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Let $(X_n)$ be a sequence of I.I.D. random variables uniformly distributed on $(0,1)$. Let $Y_n=\prod_{k=1}^nX_k$. My task is to find the almost sure limit of $Y_n$. Here is my work:

It is somewhat obvious that the almost sure limit will be $0$, so I prove that this is the almost sure limit. Next, note the following: $$0\leq \prod_{k=1}^nX_k \leq [\max_{k=1,...,n}X_n]^n, $$

and because $s^n$ converges to zero for all $|s|<1$, it follows that the the product must converge to zero.

I'm pretty sure that this proof is wrong because it seems for too simple. What's the issue if there is one?

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    $\begingroup$ You are assuming $s$ is a uniform bound, whereas in actuality you have $\prod_{k=1}^n X_k \leq S_n^n$, where $S_i = \max_{k=1,...,i} X_k.$ It is not even true for scalars $0 \leq s_i < 1$ that $\lim_{n\rightarrow\infty} s_n^n = 0$ -- for instance, $s_i = 1 - 1/i$. $\endgroup$ – snar Oct 21 at 11:16
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As pointed out by snar, the problem in your approach is that the obtained bound for the maximum depends on $n$, that is $Y_n\leqslant M_n^n$ where $M_n=\max_{1\leqslant k\leqslant n}X_k$. And it is a priori possible that $M_n$ converges to $1$ hence taking the limit may lead to an undetermined form. For example if $X_i=1-1/i$, then $M_n=1-1/n$ and $M_n^n\to 1/e$.

However, the previous configuration $X_i=1-1/i$ is actually almost surely impossible. The point is that for almost every $\omega$, an infinite amount of $X_n(\omega)$ will be smaller than $1/2$. This follows from the second Borel-Cantelli lemma applied to the sequence of independent events $A_n=\left\{X_n\leqslant 1/2\right\}$.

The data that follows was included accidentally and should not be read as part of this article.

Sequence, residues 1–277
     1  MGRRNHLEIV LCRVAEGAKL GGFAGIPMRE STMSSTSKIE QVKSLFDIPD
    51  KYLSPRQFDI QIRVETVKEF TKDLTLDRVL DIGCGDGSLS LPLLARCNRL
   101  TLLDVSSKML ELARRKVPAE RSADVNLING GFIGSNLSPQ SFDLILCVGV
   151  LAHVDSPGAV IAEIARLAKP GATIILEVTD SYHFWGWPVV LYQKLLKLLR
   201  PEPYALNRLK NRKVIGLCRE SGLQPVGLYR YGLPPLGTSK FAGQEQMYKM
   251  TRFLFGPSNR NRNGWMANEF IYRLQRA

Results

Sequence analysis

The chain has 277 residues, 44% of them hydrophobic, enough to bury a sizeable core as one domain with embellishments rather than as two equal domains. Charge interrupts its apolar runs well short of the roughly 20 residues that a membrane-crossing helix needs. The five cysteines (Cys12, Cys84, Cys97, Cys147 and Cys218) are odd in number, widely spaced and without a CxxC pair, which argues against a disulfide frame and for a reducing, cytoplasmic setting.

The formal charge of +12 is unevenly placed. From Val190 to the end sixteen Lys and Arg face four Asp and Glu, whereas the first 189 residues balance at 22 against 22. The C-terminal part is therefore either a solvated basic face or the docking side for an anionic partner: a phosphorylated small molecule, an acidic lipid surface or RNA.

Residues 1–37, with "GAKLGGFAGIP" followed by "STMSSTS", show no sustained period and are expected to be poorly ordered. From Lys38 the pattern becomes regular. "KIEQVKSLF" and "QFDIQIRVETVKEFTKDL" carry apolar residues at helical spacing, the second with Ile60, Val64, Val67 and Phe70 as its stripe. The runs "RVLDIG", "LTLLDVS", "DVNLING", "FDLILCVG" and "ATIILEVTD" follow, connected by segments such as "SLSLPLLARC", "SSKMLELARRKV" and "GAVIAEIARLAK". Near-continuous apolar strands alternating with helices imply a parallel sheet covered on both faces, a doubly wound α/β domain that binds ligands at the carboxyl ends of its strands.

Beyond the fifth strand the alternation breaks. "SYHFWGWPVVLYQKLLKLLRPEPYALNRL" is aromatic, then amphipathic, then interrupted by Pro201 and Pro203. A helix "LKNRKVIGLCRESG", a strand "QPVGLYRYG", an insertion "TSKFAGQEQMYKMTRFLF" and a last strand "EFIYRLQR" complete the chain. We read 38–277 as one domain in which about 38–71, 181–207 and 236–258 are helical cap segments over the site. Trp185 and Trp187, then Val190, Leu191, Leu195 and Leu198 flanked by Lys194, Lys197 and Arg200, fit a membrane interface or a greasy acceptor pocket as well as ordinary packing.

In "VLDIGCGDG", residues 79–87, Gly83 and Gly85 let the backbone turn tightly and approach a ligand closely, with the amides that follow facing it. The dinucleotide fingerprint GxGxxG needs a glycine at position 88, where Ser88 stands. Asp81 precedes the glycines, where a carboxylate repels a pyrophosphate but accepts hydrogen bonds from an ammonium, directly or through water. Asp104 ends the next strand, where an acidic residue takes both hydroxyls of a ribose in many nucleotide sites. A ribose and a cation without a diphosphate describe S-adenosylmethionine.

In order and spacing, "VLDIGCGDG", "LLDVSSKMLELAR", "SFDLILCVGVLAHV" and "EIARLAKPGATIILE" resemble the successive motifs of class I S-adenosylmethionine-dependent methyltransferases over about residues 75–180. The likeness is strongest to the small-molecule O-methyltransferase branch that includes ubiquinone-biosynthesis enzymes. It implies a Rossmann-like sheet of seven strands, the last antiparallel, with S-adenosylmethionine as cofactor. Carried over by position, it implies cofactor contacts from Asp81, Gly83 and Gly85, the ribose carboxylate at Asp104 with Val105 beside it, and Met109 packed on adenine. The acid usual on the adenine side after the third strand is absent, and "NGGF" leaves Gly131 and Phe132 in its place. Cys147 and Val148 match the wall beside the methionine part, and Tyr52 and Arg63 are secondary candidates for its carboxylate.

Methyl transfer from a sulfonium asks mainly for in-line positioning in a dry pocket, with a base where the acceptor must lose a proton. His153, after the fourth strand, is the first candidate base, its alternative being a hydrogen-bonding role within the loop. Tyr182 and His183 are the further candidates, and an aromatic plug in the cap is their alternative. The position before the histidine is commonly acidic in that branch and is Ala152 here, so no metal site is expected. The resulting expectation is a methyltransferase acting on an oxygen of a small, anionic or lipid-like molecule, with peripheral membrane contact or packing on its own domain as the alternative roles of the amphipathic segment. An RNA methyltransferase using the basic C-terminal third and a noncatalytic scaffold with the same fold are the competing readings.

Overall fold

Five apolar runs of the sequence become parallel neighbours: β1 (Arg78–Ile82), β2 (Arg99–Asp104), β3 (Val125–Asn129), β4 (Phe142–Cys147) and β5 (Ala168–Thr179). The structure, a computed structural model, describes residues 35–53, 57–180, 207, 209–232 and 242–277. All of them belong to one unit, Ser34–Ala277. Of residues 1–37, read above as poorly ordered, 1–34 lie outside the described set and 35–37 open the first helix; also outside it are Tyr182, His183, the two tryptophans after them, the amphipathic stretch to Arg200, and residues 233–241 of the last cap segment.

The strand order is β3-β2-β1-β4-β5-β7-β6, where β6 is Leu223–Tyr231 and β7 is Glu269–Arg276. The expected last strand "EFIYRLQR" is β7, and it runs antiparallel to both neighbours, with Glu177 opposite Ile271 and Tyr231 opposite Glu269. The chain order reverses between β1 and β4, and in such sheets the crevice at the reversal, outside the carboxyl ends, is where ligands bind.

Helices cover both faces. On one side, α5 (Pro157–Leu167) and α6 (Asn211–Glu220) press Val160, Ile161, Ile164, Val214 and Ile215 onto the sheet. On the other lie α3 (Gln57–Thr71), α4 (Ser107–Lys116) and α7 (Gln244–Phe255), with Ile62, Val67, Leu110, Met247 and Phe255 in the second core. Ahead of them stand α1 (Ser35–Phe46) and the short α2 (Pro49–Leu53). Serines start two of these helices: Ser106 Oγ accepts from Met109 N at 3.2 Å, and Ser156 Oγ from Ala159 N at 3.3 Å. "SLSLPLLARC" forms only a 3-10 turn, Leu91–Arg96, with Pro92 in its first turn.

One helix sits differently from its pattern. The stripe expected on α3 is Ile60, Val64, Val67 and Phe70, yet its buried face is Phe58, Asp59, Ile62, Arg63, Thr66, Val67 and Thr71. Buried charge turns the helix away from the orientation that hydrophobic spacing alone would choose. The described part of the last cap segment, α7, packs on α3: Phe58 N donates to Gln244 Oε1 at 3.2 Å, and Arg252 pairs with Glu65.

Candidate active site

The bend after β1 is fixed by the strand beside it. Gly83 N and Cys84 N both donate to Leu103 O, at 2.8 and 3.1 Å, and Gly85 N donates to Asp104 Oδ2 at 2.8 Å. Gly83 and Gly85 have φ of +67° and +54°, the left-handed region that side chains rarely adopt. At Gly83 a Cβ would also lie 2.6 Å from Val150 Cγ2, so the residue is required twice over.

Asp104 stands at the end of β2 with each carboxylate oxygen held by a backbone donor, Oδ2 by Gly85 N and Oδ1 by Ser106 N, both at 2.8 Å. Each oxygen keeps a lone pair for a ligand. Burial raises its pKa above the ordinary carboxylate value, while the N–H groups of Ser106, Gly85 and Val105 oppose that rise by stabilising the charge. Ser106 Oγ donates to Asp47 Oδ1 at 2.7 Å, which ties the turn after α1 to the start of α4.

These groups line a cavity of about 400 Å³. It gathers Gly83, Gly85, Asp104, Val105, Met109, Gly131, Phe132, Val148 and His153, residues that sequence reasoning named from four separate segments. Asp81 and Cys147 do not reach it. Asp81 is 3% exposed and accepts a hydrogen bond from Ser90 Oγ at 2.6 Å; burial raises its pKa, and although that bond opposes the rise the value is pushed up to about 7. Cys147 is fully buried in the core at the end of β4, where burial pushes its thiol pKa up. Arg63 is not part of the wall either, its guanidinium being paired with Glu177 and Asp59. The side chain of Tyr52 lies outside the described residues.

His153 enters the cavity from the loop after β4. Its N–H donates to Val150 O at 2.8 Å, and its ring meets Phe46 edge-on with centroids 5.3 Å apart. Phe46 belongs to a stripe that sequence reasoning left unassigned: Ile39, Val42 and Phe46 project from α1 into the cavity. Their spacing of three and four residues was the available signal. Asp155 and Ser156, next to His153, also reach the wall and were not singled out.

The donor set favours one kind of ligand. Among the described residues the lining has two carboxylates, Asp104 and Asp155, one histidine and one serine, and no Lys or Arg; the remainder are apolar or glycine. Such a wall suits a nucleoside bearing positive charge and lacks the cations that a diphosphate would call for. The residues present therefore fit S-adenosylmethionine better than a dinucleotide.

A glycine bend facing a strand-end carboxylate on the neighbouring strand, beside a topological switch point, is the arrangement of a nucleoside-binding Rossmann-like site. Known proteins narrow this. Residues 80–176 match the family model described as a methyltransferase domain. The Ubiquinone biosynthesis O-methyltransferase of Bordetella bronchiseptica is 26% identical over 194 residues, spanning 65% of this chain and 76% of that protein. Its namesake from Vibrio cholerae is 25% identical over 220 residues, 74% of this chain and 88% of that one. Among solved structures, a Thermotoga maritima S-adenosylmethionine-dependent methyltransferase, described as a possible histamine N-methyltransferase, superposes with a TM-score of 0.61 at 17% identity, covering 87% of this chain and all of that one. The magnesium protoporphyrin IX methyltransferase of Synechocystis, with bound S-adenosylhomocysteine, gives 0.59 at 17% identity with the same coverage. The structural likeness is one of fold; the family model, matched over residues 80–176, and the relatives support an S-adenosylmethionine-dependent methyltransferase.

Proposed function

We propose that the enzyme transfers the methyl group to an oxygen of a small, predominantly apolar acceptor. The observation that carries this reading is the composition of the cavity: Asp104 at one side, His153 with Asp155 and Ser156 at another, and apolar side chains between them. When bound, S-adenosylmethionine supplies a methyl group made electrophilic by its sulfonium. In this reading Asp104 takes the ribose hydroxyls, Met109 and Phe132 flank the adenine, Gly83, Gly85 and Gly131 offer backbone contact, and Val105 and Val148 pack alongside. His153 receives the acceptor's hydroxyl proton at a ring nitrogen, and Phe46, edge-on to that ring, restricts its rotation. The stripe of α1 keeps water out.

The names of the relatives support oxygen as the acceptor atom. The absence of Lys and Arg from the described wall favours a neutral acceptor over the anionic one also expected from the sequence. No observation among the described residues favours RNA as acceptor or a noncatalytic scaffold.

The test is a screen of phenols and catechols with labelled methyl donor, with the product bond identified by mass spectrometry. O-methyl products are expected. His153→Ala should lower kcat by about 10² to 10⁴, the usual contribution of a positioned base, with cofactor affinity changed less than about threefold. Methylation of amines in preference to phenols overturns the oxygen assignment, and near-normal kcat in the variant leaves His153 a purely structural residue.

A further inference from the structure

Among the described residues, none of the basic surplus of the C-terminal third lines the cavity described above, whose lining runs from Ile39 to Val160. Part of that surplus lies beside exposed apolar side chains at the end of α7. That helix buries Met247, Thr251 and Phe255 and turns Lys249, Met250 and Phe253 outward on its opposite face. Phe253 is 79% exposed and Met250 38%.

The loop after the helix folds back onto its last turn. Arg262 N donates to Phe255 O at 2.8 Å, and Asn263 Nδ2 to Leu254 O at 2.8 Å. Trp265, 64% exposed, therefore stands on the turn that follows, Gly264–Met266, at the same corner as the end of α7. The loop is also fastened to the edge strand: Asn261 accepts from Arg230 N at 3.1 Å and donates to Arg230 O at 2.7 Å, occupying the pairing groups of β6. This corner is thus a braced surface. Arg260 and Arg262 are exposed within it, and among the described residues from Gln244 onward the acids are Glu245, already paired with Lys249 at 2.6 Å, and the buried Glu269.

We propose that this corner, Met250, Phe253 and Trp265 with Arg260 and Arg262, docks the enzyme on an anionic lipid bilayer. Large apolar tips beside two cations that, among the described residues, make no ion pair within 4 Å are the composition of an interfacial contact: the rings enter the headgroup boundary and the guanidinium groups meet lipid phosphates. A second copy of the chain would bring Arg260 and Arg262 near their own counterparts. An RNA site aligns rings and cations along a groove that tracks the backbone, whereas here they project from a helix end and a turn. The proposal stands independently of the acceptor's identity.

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    $\begingroup$ "However, the previous configuration is actually almost surely impossible." : isn't $M_n$ typically of size $1-1/n$ ? I wouldn't be surprised if $M_n^n$ has $[0,1]$ as limit set. $\endgroup$ – D. Thomine Oct 21 at 11:46
  • $\begingroup$ @D.Thomine I meant the configuration that $X_i=1-1/i$ and did not realize the ambiguity. $\endgroup$ – Davide Giraudo Oct 21 at 11:57
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$\ln Y_n= \sum_{i=1}^n \ln X_i$, where $-\ln X_i$'s are i.i.d. $\exp(1)$ r.v.s. By the SLLN, $\ln Y_n^{1/n}\to -1$ a.s. and $Y_n^{1/n}\to e^{-1}$ a.s. Now use the fact that for each $k\ge 1$, $\limsup_{n\to\infty}Y_n\le e^{-k}$ a.s.

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As D. Thomine's comment points out, not only does this proof not work (because $\max_{k\leq n}X_k$ depends on $n$ and can be close to $1$), but in fact this approach can't possibly work because almost surely $(\max_{k\leq n}X_k)^n\not\to 0$. To see this, note that $\Pr(X_n>1-1/(n+1))=1/(n+1)$, and so Borel-Cantelli implies there are infinitely many $n$ for which $X_n>1-1/(n+1)$, and hence $(\max_{k\leq n}X_k)^n>1/e$ infinitely often.

This means that your upper bound is simply too weak to give you what you need. An alternative bound which is good enough is that $Y_n\leq \left(\frac{X_1+\cdots+X_n}{n}\right)^n$ by AM-GM. Then the weak law of large numbers implies that almost surely $\frac{X_1+\cdots+X_n}{n}<0.99$ for sufficiently large $n$.

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